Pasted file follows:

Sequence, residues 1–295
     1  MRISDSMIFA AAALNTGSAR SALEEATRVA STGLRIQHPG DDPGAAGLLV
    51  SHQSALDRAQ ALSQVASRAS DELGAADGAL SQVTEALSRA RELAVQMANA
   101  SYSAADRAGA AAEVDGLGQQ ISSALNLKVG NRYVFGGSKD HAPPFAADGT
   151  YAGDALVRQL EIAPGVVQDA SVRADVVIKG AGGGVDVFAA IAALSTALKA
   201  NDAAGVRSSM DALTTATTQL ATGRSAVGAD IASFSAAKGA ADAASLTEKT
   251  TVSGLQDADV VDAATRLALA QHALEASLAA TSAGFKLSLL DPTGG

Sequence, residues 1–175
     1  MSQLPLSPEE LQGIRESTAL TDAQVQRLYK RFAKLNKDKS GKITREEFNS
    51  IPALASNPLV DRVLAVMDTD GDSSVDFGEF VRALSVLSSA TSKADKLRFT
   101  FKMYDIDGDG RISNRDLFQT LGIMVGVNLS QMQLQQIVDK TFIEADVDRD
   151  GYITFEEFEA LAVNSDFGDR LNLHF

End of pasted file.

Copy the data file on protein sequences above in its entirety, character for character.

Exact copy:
Sequence, residues 1–295
     1  MRISDSMIFA AAALNTGSAR SALEEATRVA STGLRIQHPG DDPGAAGLLV
    51  SHQSALDRAQ ALSQVASRAS DELGAADGAL SQVTEALSRA RELAVQMANA
   101  SYSAADRAGA AAEVDGLGQQ ISSALNLKVG NRYVFGGSKD HAPPFAADGT
   151  YAGDALVRQL EIAPGVVQDA SVRADVVIKG AGGGVDVFAA IAALSTALKA
   201  NDAAGVRSSM DALTTATTQL ATGRSAVGAD IASFSAAKGA ADAASLTEKT
   251  TVSGLQDADV VDAATRLALA QHALEASLAA TSAGFKLSLL DPTGG

Sequence, residues 1–175
     1  MSQLPLSPEE LQGIRESTAL TDAQVQRLYK RFAKLNKDKS GKITREEFNS
    51  IPALASNPLV DRVLAVMDTD GDSSVDFGEF VRALSVLSSA TSKADKLRFT
   101  FKMYDIDGDG RISNRDLFQT LGIMVGVNLS QMQLQQIVDK TFIEADVDRD
   151  GYITFEEFEA LAVNSDFGDR LNLHF